Alysicarpus monilifer

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Scientific name

Alysicarpus monilifer (L.) DC.


Hedysarum moniliferum L.


Family: Fabaceae (alt. Leguminosae) subfamily: Faboideae tribe: Desmodieae subtribe: Desmodiinae. Also placed in Papilionaceae.

Morphological description

Low growing, much branched, annual or perennial herb, 5–15 (–50) cm tall.  Leaves simple;  ovate, elliptical or lanceolate, cordate at the base, 2.5–7.5 cm long, prominently nerved, glabrous or sparsely pubescent beneath.  Racemes spicate, axillary and terminal, 1–15 cm long;  flowers lax to dense along racemes.  Pods distinctly moniliform, 3- to 5-jointed, 1–2 cm long, calyx not longer than first joint;  glabrous or sparsely pubescent;  articles 2.5–3 mm long and 2–3 mm wide, with a smooth to reticulate surface sculpture.


Native to:
Africa:  Ethiopia, Madagascar, Niger, Somalia, Sudan.
Asia:  India, Pakistan, Philippines.
Indian Ocean:  Mauritius, Réunion.


Not tested, but could be a useful component of long-term and ley pastures in low to medium rainfall areas, especially under heavy grazing.


Soil requirements

Grows on a wide range of soil types from deep sands and stony soils to cracking clays with a pH range of 5.5–8.


Perennial types from India are found in areas with 600–1,500 mm annual rainfall, and annual types from Sudan in areas with 200–400 mm, and a short (<3 months) growing season .


Mainly tropical lowlands (0–1,000 m asl) with average daily temperature range of 26–29ºC.  Perennial types are readily frosted but annuals because of early maturity largely avoid frost.


No information available.

Reproductive development

At 21ºS, flowering can occur at 60–70 days after establishment and seed can be mature at 90 days (annuals) and 110–115 days (perennials).  Seed retention is poor with moniliform pods readily disarticulating between articles.  A high percentage (>70%) of seed is hard at maturity.  Flowers August - October (- November) at 21ºN in India.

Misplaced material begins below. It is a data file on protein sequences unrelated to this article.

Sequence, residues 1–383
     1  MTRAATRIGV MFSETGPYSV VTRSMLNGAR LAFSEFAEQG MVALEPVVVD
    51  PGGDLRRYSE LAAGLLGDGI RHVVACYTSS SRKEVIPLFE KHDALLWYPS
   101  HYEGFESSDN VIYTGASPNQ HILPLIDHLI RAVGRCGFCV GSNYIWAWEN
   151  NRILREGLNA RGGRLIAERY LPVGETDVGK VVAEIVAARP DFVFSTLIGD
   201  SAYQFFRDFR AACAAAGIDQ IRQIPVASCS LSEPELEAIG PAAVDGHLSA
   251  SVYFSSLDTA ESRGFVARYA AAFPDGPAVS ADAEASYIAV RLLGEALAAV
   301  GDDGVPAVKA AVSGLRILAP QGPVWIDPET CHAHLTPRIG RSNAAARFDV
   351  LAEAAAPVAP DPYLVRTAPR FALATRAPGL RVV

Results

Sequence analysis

Prostrate types should tolerate intensive grazing in permanent pastures while the more erect forms are likely to be less tolerant of grazing and may be more useful in forage or as leys in cropping systems.


Response to fire in the vegetative state is not known but heavy and early seeding should minimise the chances of loss from pastures that are inadvertently burnt.


Guidelines for the establishment and management of sown pastures.


Moderate seed size and a relatively fast germination rate give a quick and reliable establishment.  Some form of seed scarification to break hard seed may be necessary.  Not highly competitive with weeds or established perennial pasture plants.


Could be expected to respond to P, K and S on soils that are deficient or below the optimum pH range of 6–8.

Compatibility (with other species)

Appears best suited in combination with less vigorous grasses.  Heavy grazing or extreme dry seasons that set back companion grasses may enhance legume persistence and spread.  Seedling regeneration has been successful at low to medium rainfall sites in a sub-humid environment on the tropic where competition from grass was not extreme.

Companion species

Grasses:  In India, A. monilifer is often found with Bothriochloa, Dichanthium, Chrysopogon and Heteropogon on rocky or eroded areas where grazing is heavy.

Pests and diseases

No information available.

Ability to spread

Early seeding and probable ability to withstand heavy grazing could result in spread from sown areas.

Weed potential

Low growth habit limits its ability to dominate companion species.

Feeding value

Nutritive value

No information available.


Well eaten by cattle.


No record of toxicity.

Production potential

Dry matter

Low to moderate yields in experimental sowings in Queensland, Australia.

Animal production

No information available.


No information available.

Seed production

Free seeding and relatively large seed, but would be difficult to harvest because of low growing habit and disarticulation of pod articles.

Herbicide effects

No information available.



Selected references

Gramshaw, D, Pengelly, B.C, Muller, F.W., the late W.A.T. Harding and Williams, R.J. (1987) Classification of a collection of the legume Alysicarpus using morphological and preliminary agronomic attributes. Australian Journal of Agricultural Research, 38, 355–372.

Internet links



Country/date released


None released to date.      

Promising accessions

Promising accessions



CPI 40612 Northern Australia Annual with potential to regenerate in low (<800 mm) rainfall areas in permanent and ley pastures.